But in those movies from the '30s, Ginger is always the pretty girl next door, a little smart-talking, a little vulnerable, a little no-nonsense, drawn into a fantasy world of perfect romance, Big White Sets and outfits that need never nod at practicality.
(I fear this video will be pulled, but enjoy it while it's here.)
Among the many issues recycled in women's magazines is the issue of color, specifically, how to incorporate color into a mostly black or neutral wardrobe. The answer, like the question, is usually recycled and both less thoughtful and more complicated than necessary, reciting the old line that the easiest way to incorporate color is through bright accessories that lend a pop of color. Really, it doesn't have to be so complicated. The idea of a pop of color is exactly that - taking a mostly neutral palette and letting one colored item stand out against it. Color will naturally stand out against neutrals, so it's unnecessary to specifically go out looking for bright accessories, not to mention potentially unwise. Some of them can be awfully bright. Likewise, a pop of color doesn't have to be reserved exclusively for accessories. A gold top against an otherwise black outfit will serve the same effect as a gold bag.
That said, I really like this look on Betty, who's incorporated a bright color to great effect against blacks and greys. Betty's chosen well, wearing a hue that's bright, not obnoxious, and pairing it with a spectrum of neutrals rather than just black. The spectrum of greys creates depth that juxtaposes nicely with the vibrancy of the scarf and shoes. What I particularly like about this outfit is I don't get the impression that these are Betty's "bright clothes." All too often in women's magazines, products specifically get promoted for adding a pop of color, and it's easy to see why. They're mostly obnoxiously bright to the point that no one could miss them. This is the fallacy in most magazines' promotion of a pop of color. What works well in editorials rarely translates to real life. It's better to take that bit of color you do have and work it in rather than try to apply editorial styling to real life.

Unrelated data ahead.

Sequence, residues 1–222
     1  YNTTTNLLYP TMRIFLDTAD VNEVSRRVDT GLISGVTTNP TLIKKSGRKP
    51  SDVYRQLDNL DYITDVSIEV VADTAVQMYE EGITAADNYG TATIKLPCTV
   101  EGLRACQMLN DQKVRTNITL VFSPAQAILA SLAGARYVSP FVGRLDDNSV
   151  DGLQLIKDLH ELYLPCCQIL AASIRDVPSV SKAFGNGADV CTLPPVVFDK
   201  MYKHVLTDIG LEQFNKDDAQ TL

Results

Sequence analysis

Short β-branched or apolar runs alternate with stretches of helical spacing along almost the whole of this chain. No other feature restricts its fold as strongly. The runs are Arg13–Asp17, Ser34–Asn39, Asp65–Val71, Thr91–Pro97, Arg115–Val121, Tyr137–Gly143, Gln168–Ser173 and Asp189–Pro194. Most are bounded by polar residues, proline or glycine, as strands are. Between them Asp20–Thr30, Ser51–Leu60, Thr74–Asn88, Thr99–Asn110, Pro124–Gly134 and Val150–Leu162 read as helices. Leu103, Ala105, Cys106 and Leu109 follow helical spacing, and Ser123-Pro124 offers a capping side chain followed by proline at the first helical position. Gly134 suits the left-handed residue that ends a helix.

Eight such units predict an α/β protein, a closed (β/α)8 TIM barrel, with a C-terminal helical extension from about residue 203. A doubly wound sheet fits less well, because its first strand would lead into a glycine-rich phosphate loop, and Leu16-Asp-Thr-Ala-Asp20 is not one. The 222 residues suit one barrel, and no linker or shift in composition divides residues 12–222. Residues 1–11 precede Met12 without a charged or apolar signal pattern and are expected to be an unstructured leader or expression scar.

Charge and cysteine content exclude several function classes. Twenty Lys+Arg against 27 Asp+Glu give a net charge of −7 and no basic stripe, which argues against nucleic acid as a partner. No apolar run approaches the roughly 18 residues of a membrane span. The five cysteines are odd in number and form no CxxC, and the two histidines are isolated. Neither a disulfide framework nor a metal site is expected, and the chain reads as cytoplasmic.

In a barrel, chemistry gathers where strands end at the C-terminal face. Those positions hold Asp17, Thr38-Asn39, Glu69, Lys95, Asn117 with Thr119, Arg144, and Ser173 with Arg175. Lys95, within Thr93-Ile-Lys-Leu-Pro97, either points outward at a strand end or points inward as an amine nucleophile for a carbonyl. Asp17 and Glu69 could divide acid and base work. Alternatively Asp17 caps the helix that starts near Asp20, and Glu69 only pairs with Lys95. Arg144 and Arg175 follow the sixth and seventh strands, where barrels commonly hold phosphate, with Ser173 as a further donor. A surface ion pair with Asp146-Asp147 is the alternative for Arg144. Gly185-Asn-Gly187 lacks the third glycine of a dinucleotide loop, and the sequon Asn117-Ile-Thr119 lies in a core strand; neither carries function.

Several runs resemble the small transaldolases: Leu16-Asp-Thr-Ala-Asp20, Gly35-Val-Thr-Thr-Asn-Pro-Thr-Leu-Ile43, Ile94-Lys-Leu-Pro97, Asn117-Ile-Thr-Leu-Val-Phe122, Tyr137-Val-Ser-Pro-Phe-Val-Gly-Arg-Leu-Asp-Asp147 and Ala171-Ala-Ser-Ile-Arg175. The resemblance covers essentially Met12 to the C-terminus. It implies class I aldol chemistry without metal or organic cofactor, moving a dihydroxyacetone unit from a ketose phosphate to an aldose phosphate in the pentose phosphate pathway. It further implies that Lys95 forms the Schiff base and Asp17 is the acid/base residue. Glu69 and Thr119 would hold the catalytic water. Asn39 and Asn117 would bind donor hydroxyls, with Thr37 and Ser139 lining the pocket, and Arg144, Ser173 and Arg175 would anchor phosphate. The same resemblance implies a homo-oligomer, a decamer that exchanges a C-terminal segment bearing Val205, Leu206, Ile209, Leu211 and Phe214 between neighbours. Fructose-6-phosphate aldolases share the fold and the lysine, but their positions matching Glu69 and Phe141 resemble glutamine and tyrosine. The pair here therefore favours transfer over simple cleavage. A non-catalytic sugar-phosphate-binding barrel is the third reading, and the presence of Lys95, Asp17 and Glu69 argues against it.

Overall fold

Labels: fashion notes
These days, when a mascara creates an absurd spectacle of itself simply to capture the public's attention, it is something of a relief to turn to Lancôme Définicils($24.50), which, in spite of its longstanding reputation, is positively demure in comparison. I can only echo Dick Page's bemusement; why is everyone so crazy about mascara? They've developed glamour beyond the reality (black gunk smeared on a brush), larger-than-life personalities that no doubt, dear reader, you'll have no difficulty placing: Great Lash, Faux Cils, Voluminous, DiorShow, Phenomen'Eyes, Full 'N Soft, Bad Gal, Lash Blast, Kiss Me. Perhaps like handbags and shoes, mascaras and foundations are what drive the profits of the company.
There is no hint of the diva about Définicils (no liner, just NARS All About Eve, below):
Rachel, a reader of this blog, has sent us a query:
The Kindly One I agree. It's important to be open to possibility.
Dain It's rare to find exactly what you're looking for, especially if you have very specific expectations, as the racks yield very uncertain results. But all the same, when I do seek to find, I generally suffer (thus why my closet is so compact) without the particular article in question until something I truly love, though it may not be what I originally planned, comes my way.
half-price Marc by Marc Jacobs, but still expensive
The Kindly One When you look exactly for a certain thing, you never find it. Keep in mind what you like about that shape, whether it's the proportions, the fit along the shoulders, the general style, the fabric, whatever—but let it guide you to something you may not even have thought of, and maybe like even more.
Dorothy I wonder about Tulle, as well; or trolling eBay for J. Crew or the like (I've found some deeply discounted J. Crew and Banana Republic stuff on there). There's also vintage and thrift, but that takes time and patience, even online.